Toward the end of the first season at Lubaantun, the site of Pusilha was discovered and Thompson was sent to investigate with his guide, Faustino Bol. Thompson’s subsequent interactions with his guide, who was a Mopan Maya, would later shed light on how Thompson viewed the ancient Maya and their culture. As a result of their long conversations, Thompson concluded that is “was clear that archaeological excavations were not the only means of learning about the ancient ways.” This led to his first monograph, Ethnology of the Mayas of Southern and Central British Honduras(1930) which gave insight into the problems of Maya archaeological and epigraphic through the use of ethnographic and ethno-historic data.
In 1931, Thompson and Gann teamed up to publish The History of the Maya from the Earliest Times to the Present Day. Additionally, Thompson started on a new field project at the site of San Jose in Belize. Here his research was focused at an “average” Maya center in which the stratigraphy produced a ceramic sequence from the Preclassic Period to the Terminal Classic Period. The field report, published in 1939, contained Anna O. Shepard’s appendix on the temporal changes in ceramic material, which was the first use of “archaeological sciences”.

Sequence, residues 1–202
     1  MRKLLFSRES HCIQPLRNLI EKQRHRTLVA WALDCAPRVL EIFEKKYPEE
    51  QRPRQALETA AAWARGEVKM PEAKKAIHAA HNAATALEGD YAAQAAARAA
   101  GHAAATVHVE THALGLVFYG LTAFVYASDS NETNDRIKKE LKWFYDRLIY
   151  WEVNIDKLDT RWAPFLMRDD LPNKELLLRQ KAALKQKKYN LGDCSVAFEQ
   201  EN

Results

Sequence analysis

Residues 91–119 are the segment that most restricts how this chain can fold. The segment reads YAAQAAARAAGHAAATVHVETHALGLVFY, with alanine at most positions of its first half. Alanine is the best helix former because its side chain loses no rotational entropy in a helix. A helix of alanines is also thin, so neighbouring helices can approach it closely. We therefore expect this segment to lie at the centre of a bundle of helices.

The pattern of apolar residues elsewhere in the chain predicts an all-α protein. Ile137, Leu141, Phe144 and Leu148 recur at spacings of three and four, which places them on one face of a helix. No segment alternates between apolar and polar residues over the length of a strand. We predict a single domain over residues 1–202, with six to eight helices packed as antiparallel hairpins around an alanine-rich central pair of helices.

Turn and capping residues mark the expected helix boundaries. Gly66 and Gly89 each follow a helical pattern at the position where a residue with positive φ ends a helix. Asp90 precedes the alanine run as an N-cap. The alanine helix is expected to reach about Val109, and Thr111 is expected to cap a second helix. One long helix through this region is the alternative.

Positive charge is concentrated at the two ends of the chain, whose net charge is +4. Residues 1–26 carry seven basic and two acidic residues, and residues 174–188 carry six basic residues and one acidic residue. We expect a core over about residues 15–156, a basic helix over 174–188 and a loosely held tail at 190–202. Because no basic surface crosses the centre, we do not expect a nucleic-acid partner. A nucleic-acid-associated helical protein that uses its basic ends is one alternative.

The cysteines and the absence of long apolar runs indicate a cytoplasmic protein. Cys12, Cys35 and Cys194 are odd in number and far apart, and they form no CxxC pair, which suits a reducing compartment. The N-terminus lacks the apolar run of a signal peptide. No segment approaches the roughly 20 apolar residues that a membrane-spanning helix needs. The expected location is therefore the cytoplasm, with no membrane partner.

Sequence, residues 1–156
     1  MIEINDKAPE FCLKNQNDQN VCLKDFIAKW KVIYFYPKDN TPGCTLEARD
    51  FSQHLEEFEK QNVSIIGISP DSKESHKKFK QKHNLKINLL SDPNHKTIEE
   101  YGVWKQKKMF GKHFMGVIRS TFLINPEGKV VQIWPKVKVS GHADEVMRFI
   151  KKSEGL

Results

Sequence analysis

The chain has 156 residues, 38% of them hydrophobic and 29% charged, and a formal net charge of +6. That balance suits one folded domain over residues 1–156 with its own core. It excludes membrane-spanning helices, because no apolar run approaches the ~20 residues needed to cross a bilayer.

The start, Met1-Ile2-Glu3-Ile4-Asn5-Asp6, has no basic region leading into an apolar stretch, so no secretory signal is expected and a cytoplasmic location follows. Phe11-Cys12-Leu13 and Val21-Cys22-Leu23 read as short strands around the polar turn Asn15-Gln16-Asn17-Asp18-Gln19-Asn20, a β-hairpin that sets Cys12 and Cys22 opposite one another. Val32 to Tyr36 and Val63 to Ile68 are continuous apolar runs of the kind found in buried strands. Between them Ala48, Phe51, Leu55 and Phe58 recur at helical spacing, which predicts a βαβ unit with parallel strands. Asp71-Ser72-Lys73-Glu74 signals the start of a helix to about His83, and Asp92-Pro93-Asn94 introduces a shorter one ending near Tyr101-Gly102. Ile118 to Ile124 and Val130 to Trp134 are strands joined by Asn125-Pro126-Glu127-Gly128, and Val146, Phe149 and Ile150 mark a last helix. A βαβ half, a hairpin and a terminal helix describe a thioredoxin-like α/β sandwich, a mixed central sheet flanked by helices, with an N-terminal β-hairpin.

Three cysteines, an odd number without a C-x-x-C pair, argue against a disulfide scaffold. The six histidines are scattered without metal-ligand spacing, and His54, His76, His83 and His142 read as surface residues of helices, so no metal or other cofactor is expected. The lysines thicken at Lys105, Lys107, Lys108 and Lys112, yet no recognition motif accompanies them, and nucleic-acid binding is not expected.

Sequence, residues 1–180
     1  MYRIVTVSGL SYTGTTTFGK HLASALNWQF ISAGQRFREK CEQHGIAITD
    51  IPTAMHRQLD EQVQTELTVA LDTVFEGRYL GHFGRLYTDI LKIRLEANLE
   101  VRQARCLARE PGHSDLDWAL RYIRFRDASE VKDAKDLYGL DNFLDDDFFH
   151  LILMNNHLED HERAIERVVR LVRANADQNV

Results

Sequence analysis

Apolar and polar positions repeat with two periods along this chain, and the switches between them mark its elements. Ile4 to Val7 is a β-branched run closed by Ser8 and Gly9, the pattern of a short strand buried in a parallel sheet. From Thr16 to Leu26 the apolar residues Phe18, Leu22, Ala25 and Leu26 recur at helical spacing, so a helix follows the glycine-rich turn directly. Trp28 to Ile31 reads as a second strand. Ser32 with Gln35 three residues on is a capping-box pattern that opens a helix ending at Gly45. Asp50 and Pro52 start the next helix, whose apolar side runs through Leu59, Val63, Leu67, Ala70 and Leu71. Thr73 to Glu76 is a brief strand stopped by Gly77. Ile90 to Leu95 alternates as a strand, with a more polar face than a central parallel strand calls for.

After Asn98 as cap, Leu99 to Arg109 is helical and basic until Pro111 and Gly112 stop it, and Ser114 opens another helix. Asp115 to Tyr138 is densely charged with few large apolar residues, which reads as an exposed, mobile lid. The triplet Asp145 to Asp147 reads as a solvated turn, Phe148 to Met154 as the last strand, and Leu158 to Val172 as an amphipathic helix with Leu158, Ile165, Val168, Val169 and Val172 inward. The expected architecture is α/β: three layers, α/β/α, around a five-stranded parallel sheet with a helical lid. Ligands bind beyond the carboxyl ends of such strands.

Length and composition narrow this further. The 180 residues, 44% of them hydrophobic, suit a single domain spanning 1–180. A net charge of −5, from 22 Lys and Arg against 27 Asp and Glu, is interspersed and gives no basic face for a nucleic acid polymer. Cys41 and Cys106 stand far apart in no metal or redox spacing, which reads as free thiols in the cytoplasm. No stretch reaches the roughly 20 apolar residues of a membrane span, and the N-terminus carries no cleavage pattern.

Thompson was able to produce ceramic sequences at the sites of Tzimin Kax, San Jose, and Xunantunich. These sequences allowed for sites which lacked inscribed monuments traditionally used for dating, to produce a tentative date. The patterns presented by the data from the Petén region and Uaxactun allowed for these sites to fit within the cultural development of the Maya lowlands. In 1938, Thompson added to ceramic sequence, the discovery of the site of La Milpa. This sequence would hold strong until Gordon Willey’s research at Barton Ramie, which would lead to a sequence. The field season at La Milpa would be one the last ones for Thompson, though he was not aware of this at the time of his publication Maya Archaeologist.